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Fourth year of drought likely

Stanislaus River watershed historic data points to drought year in 2015

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Fourth year of drought likely

Sandbars lay exposed on the San Joaquin River near the Airport Way bridge where the river level is at the lowest it has been in years.

HIME ROMERO/The Bulletin


POSTED January 24, 2014 1:43 a.m.

History isn’t on the side of farmers and cities that rely on the Stanislaus River watershed for water.

Five times since 1926 there have been stretches of four years or more where dry conditions of significantly below average rain and snow plagued the Stanislaus River watershed.

Data gleaned from Bureau of Reclamation and the Department of Water Resources records point to a strong likelihood the current drought cycle will stretch until at least the end of 2015. That means unless the South San Joaquin Irrigation District conserves water this year the odds are good there will be inadequate water in 2015 to meet farming and urban needs in the South County as well as the cities of Manteca, Lathrop, and Tracy.

Key to meeting the water needs of the SSJID and its sister agency the Oakdale Irrigation District is inflow in to the New Melones Reservoir.

The districts share 100 percent of the first 200,000 acre feet of inflow that is split 50-50. They then get one-third of inflow beyond the 200,000 acre feet that is split between the two districts until they reach 300,000 acre feet of water.

Currently, the model calls for only 150,000 acre feet of run-off to flow into New Melones this year. The average season run-off is 1,144,200 acre feet of water. That means SSJID would receive 75,000 acre feet that when coupled to its conservation account carryover at New Melones would barely give the district enough water to meeting urban and farming needs providing there is aggressive conservation.

The SSJID has been helped by implementing multi-million dollar water conservation programs at various farms in the district plus the implementation of the closed irrigation system in the Division 9 region west of Ripon and south of Manteca.

The run-off forecast of 150,000 acre feet — roughly the same in the last severe drought year of 1977 — strikes some experts as too rosy.

“From the way things are looking, 150,000 acre feet is optimistic,” noted Bere Lindley of the SSJID management team.

Lindley noted even if the crucial snowfall happened to pick up, that it may not help at all.

What snowfall remains in the Sierra may never make it to the Stanislaus River. That’s because in the course of a normal snowmelt Lindley noted the high terrain will act “like a sponge” with much of the water yield being absorbed into the ground leaving the runoff into the river high and dry.

That likely scenario has caught the attention of Manteca Public Works Director Mark Houghton.

Houghton and his staff are now preparing a strategic plan on how best to conserve water this year to reduce the chances of Manteca being caught in a severe water situation in 2015.

Houghton will make the first water crisis report to the Manteca City Council at their Feb. 4 meeting.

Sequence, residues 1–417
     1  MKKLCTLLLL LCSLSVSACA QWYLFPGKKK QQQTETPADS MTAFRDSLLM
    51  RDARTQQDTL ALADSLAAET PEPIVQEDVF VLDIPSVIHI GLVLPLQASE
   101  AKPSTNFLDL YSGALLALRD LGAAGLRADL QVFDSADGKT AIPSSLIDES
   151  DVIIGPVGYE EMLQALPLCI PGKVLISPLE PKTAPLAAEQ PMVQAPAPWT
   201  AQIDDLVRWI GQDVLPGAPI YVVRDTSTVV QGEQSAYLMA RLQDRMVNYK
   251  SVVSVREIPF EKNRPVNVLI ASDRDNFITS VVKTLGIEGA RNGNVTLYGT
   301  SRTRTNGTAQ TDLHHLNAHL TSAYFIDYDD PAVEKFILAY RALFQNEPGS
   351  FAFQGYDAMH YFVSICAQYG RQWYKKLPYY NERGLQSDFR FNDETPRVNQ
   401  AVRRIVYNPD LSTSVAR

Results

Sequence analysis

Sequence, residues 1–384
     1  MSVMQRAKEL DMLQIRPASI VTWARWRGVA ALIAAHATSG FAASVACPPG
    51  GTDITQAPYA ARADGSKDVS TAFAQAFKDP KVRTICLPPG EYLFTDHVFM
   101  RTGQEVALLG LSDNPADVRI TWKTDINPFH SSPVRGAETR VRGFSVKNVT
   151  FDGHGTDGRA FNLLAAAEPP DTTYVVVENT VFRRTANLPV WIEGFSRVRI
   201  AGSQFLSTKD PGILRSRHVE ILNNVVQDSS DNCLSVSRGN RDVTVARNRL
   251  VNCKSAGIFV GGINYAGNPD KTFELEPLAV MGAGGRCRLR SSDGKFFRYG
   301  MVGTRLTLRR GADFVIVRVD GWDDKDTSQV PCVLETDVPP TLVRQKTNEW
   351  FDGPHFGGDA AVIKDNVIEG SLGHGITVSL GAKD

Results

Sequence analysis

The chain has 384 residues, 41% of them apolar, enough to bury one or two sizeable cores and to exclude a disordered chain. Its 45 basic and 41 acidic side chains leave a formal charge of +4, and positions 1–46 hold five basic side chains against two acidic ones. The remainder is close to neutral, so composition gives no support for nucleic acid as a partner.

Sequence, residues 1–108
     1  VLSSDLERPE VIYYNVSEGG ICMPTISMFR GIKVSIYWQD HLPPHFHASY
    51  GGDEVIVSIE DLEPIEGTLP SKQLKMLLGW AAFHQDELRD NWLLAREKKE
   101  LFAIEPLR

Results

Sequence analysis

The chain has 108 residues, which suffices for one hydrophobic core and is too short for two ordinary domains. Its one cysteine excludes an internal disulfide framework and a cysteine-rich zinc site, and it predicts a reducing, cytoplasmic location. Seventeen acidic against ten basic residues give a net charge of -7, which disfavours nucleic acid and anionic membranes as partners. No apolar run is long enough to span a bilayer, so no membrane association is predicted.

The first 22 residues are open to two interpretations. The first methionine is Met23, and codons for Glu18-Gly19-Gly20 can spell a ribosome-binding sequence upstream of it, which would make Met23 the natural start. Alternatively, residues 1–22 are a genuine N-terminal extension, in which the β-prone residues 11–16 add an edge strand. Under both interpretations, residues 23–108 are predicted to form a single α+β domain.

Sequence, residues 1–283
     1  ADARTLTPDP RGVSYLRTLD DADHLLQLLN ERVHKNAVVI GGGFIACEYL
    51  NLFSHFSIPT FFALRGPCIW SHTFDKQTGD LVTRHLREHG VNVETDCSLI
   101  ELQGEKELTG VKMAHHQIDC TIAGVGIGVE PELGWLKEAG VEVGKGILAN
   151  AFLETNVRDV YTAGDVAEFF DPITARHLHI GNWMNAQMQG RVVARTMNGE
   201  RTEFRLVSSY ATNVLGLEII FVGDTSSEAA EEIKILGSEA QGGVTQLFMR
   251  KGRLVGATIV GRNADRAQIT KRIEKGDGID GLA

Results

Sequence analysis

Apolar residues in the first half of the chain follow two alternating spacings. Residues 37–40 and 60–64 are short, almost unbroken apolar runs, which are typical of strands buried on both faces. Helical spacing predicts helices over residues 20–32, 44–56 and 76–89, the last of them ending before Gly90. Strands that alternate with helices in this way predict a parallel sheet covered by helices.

While Manteca has the luxury of pumping well water too much reliance on it could create a number of problems.

The long-range impact would be taking the aquifer down faster than it can be replenished. That would negatively impact the city in future years.

More immediate issues are the possibility of increasing nitrates in the city water system plus saltwater intrusion.

Much like above ground when lower water flows into the Delta allows salt water to reach further east; aquifers that have water pumped out of them near the Delta run the real risk of having salt water intrusion.

Eventually salt can render a water source useless for irrigation as it kills vegetation and ultimately renders soil sterile. And removing salt to keep water safe for domestic use is extremely expensive.

Back in the dry years of 1991-92 salt water intrusion was detected in water wells as far east as Jack Tone Road.

Lathrop, which is closer to the Delta, has already imposed a plan aimed at reducing water consumption by 15 percent to limp through this year.



SSJID has no plans to sell water


SSJID General Manager Jeff Shields noted with aggressive conservation the district will be able to meet urban and farming needs for this year. However, unless the effort to save water starts today and not months down the road, the SSJID may not be in the position to meet a large chunk of urban and farm water needs in 2015.

“Our intent is to manage water so farmers can bring a crop in this year and urban customers can meet their basic needs,” Lindley noted.

Shields emphasized the SSJID board has made it clear they will not be selling water based on current conditions. The OID has created an uproar with farmers in their district by proposing to sell water now.

Shields said the SSJID’s stance could be re-examined in late summer but expects the no water sale position to stay intact unless there is a major significant turnaround in precipitation.

Shields further emphasized the importance of paying heed to historic water flows on the Stanislaus River watershed as a means to underscore what the South County is up against.

In 2002 there were just barely 600,000 acre feet of run-off into New Melones with last year the inflow shrinking to 580,000 acre feet. That’s less than half of the historic inflow.

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